Thursday, February 18, 2010

Energy: It's back and its never going away!

Part A:
This unit we covered the Conservation of Energy (COE). I learned about different types of ENERGY STORAGE and how they transformed from one into another. For example, if a ball is dropped from a bridge, its potential gravitational energy disappears but is compensated with kinetic energy. There are plenty of different types of energy including the ones above, such as: chemical potential, thermal, sonic, dissipated, elastic, and internal. Internal energy usually represents DISSIPATED ENERGY DUE TO FRICTION while elastic energy comes in handy when referring to a spring or stretched cord. Dissipated energy is usually in the form of heat, as when you rub your two hands together. Internal energy remains in the system, even though, microscopically, the potential energy of the particles may change. I learned how to display the conservation of energy in Energy Flow Diagrams, so as to understand it better. I also learned about doing WORK, which is the amount of change that a force produces, and POWER, which is the rate of work. I learned how to find quantitative values by plugging them into equations involving work, kinetic energy, potential energy, and mechanical energy. With all of this newly acquired knowledge, I feel that I understand the COE much better.
This unit is definitely very difficult. There are so many options to use as equations and so many possible variables. Between work being equal to kinetic energy being equal to potential gravitational energy being equal to potential elastic energy (ONLY IN CERTAIN SITUATIONS), sometimes I don't know where to start. I draw FBDs to help aid my flaws and occasionally try every possible method as a means of getting to the answer to bypass this disadvantage.
Whether I initially know who to solve a problem or not, I always put all of my effort into solving it. My skills are efficient, and I am determined to reach the answers. My weaknesses are which method to choose while my strengths are comprehending the problems and associating them with FBDs. Some problems are more difficult than others, including ones with mu, kinematics, and circular motion. Those with springs also tend to get very tricky. I do intend on practicing what I am not good at in order to get better at them.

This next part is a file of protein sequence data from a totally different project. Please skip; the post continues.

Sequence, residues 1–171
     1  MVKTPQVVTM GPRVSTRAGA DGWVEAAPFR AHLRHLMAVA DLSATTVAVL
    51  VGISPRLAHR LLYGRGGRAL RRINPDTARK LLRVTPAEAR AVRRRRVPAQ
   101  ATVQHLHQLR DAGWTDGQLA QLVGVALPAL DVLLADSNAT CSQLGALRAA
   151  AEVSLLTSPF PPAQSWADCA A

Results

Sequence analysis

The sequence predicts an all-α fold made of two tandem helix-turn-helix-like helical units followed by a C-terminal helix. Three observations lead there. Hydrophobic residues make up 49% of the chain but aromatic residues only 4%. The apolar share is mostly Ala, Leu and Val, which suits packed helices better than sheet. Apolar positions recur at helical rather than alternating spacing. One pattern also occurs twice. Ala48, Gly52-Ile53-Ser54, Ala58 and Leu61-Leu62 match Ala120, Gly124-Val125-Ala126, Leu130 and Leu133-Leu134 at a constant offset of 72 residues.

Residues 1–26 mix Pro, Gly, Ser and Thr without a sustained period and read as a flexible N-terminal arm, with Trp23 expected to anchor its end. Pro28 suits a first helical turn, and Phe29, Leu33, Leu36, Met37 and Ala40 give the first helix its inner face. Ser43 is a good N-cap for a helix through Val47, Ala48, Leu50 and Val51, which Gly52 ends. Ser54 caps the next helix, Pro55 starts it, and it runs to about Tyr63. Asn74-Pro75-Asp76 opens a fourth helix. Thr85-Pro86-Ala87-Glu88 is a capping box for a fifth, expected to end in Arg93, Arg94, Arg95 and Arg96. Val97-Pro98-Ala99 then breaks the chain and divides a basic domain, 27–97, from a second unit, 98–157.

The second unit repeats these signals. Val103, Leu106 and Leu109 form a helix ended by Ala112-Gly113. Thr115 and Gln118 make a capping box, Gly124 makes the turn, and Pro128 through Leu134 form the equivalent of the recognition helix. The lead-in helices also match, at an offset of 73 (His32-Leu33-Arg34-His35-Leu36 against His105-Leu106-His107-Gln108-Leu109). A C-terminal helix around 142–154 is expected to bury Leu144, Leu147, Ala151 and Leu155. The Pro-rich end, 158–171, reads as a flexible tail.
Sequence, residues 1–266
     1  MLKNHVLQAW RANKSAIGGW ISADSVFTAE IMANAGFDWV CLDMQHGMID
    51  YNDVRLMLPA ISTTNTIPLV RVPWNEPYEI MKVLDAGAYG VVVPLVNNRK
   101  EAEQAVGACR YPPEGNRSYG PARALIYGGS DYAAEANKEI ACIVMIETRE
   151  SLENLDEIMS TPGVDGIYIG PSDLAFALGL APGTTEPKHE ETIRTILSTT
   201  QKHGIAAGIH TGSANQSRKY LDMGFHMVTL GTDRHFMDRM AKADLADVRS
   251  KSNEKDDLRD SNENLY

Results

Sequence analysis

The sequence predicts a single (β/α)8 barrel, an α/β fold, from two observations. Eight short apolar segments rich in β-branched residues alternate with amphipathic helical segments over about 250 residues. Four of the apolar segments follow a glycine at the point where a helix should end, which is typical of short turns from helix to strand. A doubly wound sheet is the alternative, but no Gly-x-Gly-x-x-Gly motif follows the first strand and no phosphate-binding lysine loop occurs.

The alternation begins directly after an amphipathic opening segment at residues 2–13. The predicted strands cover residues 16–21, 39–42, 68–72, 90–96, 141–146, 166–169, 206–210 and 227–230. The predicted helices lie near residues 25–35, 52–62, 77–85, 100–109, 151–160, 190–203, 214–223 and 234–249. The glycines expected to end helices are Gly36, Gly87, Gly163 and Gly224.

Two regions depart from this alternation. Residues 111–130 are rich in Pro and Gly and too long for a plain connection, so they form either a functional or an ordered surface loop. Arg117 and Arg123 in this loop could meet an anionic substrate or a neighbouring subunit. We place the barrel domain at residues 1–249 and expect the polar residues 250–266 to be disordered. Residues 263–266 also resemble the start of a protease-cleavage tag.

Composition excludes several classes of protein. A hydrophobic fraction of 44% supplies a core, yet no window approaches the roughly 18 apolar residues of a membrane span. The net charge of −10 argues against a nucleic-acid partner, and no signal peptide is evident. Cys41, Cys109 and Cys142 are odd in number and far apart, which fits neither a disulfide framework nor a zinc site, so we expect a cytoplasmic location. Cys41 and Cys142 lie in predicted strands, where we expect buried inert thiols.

Part B:
Energy and everyday life are very connected. Every time we turn a doorknob or drive our car, energy is being conserved. You can see it everywhere, as when I leave the sixth story of my condo so as to reach the ground floor, in which I lose plenty of potential energy but gain kinetic energy while in the elevator. Energy is also very pertinent in biology. Mitochondria produce ATP to fuel us for the day to come. WE exhaust this energy, but it is not conserved like physical energy. What we do with the energy is conserved, like walking a long distance or hiking up a scenic mountain... or perhaps taking an elevator up this scenic mountain. Whatever we do and wherever we go, energy is present, being conserved and recycled with every step.



  1. Very good reflection.
    I would like for you to clarify a couple of things.
    First, we do not talk about types of energy but types of energy storage; please revise your list.
    Also, you mentioned that internal energy is represented by friction. Please explain what you mean as energy is not a force. It would be great if you can discuss the concept of dissipated energy DUE to friction. You can find detailed explanations on page 7 here:

  2. Thank you Mrs. Gende, I fixed the mistake of referring to the energy storages, but left the list the same because they were correct. I also read the informative article on page 7 and corrected my mistakes when referring to internal energy and its storage.

  3. As always Cyrus you did a great job. You explained the topic well showing your knowledge, but you did it in a way the was simple and easy to understand. I also like in part B how you related energy to biology, which was quite interesting. I have no problems that I think you need to change and you did an excellent job over all.

  4. Thank you very much, Emily, for your kind words.

  5. I thank you again Mrs. Gende, for helping point out the errors in my blog.